Among Republican candidates to be Colorado’s next governor, a common argument has emerged: Medicaid spending in Colorado, driven upward by the Affordable Care Act, is unsustainable.
Victor Mitchell talks about it in a campaign video. Doug Robinson references the concern on his website. George Brauchler spoke of it at the Western Conservative Summit last month: “We have lost the ability to prioritize any spending in our budget for roads, for education in rural areas because of what we’ve done with Obamacare,” Brauchler said. “It has gobbled up so much of our budget.”
Is Medicaid really eating the rest of the state budget alive? And could the state move large sums of money to other priorities by slashing Medicaid spending?
The answers are complicated — some yes and some no.
Every 15 minutes, the A-line comes blaring down Smith Road in northeast Denver and businesses in the area are fed up with not only the noise, but the long delays at each crossing.
“I don’t know if there’s a spot where you can’t hear it, it does a really good job of being loud,” said Kyle Raley who works near the tracks at American Paintball Coliseum.
“You just have to stop, watch – you can’t talk, ” explained Tony Treash, owner of American Paintball Coliseum.
“If you’ve ever seen the movie Dumb and Dumber where he says you want to hear the most annoying sound in the world and then he makes that screeching sound in the car, this is probably three to four times worse than that,” explained John Bell, who works across the street from a crossing at Holly Street and Smith Road.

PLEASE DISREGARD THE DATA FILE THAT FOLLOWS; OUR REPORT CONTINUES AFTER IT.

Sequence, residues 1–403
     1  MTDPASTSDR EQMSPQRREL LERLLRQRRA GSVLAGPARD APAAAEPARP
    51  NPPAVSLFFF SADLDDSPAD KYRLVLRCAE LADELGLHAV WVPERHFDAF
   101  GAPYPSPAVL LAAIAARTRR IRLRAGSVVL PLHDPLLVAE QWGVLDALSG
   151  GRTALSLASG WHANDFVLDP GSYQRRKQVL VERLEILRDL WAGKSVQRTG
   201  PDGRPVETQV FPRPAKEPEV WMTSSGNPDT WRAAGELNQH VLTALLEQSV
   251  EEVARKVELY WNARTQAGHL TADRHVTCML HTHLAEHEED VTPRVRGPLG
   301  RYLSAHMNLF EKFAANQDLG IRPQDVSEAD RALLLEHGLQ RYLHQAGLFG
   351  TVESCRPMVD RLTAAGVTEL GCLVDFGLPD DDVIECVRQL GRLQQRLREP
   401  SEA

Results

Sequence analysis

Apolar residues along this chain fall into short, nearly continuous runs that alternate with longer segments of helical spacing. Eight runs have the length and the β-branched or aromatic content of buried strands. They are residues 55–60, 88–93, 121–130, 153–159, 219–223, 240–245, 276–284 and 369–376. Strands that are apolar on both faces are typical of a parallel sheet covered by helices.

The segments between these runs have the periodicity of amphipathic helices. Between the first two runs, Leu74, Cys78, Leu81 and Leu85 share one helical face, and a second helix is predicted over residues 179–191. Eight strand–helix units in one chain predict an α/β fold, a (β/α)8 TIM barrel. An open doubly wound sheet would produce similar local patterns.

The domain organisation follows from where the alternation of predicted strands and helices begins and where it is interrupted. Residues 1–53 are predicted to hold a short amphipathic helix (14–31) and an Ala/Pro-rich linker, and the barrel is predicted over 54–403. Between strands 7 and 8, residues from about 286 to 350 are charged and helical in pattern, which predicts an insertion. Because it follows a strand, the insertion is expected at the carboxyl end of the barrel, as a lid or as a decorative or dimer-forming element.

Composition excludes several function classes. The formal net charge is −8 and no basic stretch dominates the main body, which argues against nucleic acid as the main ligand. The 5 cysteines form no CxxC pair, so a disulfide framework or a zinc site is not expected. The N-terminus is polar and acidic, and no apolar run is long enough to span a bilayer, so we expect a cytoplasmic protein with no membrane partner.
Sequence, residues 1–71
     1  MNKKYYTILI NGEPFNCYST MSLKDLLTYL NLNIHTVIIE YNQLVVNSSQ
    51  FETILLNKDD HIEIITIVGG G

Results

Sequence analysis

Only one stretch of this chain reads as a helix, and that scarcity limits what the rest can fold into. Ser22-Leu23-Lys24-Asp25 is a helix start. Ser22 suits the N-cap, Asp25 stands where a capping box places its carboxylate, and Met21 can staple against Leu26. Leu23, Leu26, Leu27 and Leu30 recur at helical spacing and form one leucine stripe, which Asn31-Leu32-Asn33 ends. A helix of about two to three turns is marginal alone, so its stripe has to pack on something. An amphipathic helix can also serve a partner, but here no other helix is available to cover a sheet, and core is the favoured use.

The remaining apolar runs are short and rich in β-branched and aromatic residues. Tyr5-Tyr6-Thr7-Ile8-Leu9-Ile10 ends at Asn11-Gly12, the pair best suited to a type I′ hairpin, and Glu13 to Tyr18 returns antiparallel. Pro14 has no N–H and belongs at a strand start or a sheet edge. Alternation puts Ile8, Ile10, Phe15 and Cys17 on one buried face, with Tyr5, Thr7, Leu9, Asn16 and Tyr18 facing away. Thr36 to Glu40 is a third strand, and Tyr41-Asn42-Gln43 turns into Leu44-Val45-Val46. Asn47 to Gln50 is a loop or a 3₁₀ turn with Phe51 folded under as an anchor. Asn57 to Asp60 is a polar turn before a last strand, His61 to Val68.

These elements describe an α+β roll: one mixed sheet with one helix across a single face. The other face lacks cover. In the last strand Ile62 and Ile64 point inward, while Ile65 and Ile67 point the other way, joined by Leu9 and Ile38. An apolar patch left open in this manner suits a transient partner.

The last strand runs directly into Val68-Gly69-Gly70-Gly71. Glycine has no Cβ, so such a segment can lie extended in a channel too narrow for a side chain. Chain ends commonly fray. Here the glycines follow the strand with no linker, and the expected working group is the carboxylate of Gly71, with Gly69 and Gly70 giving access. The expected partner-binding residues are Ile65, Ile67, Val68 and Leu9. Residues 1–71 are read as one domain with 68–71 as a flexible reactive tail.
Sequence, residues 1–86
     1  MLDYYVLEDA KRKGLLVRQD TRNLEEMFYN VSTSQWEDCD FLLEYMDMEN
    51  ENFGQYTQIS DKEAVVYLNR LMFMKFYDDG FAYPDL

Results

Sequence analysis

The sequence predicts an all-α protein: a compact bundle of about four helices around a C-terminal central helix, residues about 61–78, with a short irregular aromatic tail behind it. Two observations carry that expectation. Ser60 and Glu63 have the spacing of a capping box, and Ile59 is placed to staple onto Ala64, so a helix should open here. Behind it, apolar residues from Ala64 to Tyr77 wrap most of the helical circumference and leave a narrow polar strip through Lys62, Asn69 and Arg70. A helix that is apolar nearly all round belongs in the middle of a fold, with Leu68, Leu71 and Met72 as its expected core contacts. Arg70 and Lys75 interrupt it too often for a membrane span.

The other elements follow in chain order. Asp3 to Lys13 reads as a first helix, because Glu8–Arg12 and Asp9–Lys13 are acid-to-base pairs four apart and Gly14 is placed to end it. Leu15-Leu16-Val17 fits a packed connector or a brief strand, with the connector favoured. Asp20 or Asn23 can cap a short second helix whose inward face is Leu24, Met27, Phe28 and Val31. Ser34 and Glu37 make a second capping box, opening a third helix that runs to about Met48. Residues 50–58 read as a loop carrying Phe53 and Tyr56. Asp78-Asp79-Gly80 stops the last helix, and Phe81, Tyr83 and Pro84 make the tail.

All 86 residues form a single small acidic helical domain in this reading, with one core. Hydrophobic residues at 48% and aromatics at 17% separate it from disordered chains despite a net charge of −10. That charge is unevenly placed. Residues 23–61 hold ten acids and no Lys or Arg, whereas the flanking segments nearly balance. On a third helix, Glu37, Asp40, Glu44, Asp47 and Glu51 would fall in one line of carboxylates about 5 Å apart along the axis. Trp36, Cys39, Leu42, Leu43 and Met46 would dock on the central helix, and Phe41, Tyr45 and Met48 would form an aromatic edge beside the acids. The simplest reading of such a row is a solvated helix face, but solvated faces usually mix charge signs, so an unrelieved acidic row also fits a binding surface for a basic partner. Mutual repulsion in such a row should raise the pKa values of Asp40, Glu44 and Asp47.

The blaring horn and flaggers are required at each A-line crossing because they’re still not timed right.
Halfway through 2017, Colorado’s marijuana retailers amassed more than $750 million in sales, according to The Cannabist’s extrapolations of the latest tax data released by the state.
Covering both the medical and adult-use markets, the sales of flower, edibles and concentrates through June 2017 are up 25.7 percent compared with the first half of 2016, The Cannabist’s calculations show.
The cumulative sales made through June equate to nearly $116 million in tax revenue and license fees for the state.
The Colorado Department of Revenue on Thursday published the report for marijuana sales and excise taxes remitted in July. The receipts largely reflect sales made in June, but could include some variance based on incomplete or late returns from prior months.